Can discrimination contribute to feelings of radicalization?

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Muslim immigrants who feel marginalized and discriminated against in countries that expect them to integrate into their culture and society are more likely to experience psychological threats to their own significance that could be related to increased support of radicalism, according to new research presented at the American Psychological Association’s 125th Annual Convention.

“We found that immigrants who identify with neither their heritage culture nor the culture they are living in feel marginalized and insignificant,” said presenter Sarah Lyons-Padilla, PhD, of Stanford University. “Experiences of discrimination make the situation worse.”

Lyons-Padilla presented two studies, one focused on 198 Muslims (78 men) living all over the United States. They were asked about their cultural identities and attitudes toward extremism via online surveys. The participants were between the ages of 18 and 35 and the majority lived in Maryland, Virginia and California. In this sample, 92 were first-generation immigrants; the rest were second-generation American-born, with the majority (105 participants) identifying Pakistan as their heritage country.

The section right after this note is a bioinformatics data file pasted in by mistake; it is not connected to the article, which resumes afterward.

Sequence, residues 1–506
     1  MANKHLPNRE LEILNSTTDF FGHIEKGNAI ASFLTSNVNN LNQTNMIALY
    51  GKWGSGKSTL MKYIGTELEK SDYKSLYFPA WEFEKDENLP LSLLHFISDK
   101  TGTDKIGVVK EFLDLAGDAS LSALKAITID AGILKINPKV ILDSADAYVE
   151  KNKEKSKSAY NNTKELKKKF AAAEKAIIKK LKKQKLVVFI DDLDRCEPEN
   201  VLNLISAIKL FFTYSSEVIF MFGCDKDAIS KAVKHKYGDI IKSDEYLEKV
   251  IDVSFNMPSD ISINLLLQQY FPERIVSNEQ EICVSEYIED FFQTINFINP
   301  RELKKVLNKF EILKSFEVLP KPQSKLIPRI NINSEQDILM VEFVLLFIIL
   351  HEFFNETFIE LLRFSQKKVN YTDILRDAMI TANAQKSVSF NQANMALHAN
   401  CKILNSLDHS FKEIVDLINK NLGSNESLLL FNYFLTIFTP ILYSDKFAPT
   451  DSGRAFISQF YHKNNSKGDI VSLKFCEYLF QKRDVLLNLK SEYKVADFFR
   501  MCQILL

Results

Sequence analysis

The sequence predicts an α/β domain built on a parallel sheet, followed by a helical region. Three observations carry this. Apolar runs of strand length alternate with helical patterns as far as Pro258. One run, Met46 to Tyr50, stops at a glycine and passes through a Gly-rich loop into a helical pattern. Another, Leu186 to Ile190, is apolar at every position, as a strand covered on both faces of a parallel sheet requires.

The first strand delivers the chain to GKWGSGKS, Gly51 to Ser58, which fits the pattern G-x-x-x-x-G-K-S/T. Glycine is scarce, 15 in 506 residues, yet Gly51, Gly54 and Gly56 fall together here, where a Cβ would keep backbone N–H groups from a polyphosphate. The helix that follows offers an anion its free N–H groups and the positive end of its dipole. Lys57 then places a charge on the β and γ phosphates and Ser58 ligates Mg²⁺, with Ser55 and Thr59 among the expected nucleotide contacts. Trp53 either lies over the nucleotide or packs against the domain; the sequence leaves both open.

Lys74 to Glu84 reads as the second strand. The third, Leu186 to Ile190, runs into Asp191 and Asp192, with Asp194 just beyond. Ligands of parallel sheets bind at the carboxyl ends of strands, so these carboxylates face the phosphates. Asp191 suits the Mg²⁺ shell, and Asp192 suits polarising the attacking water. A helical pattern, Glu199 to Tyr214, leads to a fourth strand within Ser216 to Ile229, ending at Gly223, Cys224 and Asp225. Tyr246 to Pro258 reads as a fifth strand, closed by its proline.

They were asked how connected they felt to their heritage culture as well as to American values, and how they felt about their level of integration in their new country. They were also asked if their religion or cultural background had ever led to their experiencing hostility or unfair treatment and how connected and significant they felt.

Finally, they were presented with a description of a hypothetical fundamentalist group made up of young Muslims in the United States. This hypothetical group made clear its stance against American maltreatment of Muslims and promised belonging, commitment and loyalty to potential members. Violence was never explicitly mentioned but the group clearly justified extreme actions to support its cause. The participants were asked how much they thought most people they know would like the hypothetical group, how willing these friends would be to engage in activities on behalf of the group and to what extent their friends would sympathize with the group should it engage in extreme behaviors, such as participating in illegal or violent demonstrations or damaging people’s property.

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Materials provided by American Psychological Association. Note: Content may be edited for style and length.

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Can discrimination contribute to feelings of radicalization?

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